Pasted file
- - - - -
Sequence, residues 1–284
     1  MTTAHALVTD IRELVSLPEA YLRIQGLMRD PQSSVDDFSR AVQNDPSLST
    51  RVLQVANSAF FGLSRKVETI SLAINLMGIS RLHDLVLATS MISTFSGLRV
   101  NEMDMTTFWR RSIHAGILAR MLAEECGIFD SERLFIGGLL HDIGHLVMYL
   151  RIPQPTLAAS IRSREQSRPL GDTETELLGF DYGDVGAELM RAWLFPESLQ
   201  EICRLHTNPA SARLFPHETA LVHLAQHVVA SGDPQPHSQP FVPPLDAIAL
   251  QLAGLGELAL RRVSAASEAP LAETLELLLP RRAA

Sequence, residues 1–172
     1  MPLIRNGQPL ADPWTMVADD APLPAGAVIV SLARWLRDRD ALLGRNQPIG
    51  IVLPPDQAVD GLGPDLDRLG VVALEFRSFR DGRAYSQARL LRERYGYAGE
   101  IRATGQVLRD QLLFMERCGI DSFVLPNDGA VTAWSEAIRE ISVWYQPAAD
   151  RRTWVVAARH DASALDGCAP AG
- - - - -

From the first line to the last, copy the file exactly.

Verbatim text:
Sequence, residues 1–284
     1  MTTAHALVTD IRELVSLPEA YLRIQGLMRD PQSSVDDFSR AVQNDPSLST
    51  RVLQVANSAF FGLSRKVETI SLAINLMGIS RLHDLVLATS MISTFSGLRV
   101  NEMDMTTFWR RSIHAGILAR MLAEECGIFD SERLFIGGLL HDIGHLVMYL
   151  RIPQPTLAAS IRSREQSRPL GDTETELLGF DYGDVGAELM RAWLFPESLQ
   201  EICRLHTNPA SARLFPHETA LVHLAQHVVA SGDPQPHSQP FVPPLDAIAL
   251  QLAGLGELAL RRVSAASEAP LAETLELLLP RRAA

Sequence, residues 1–172
     1  MPLIRNGQPL ADPWTMVADD APLPAGAVIV SLARWLRDRD ALLGRNQPIG
    51  IVLPPDQAVD GLGPDLDRLG VVALEFRSFR DGRAYSQARL LRERYGYAGE
   101  IRATGQVLRD QLLFMERCGI DSFVLPNDGA VTAWSEAIRE ISVWYQPAAD
   151  RRTWVVAARH DASALDGCAP AG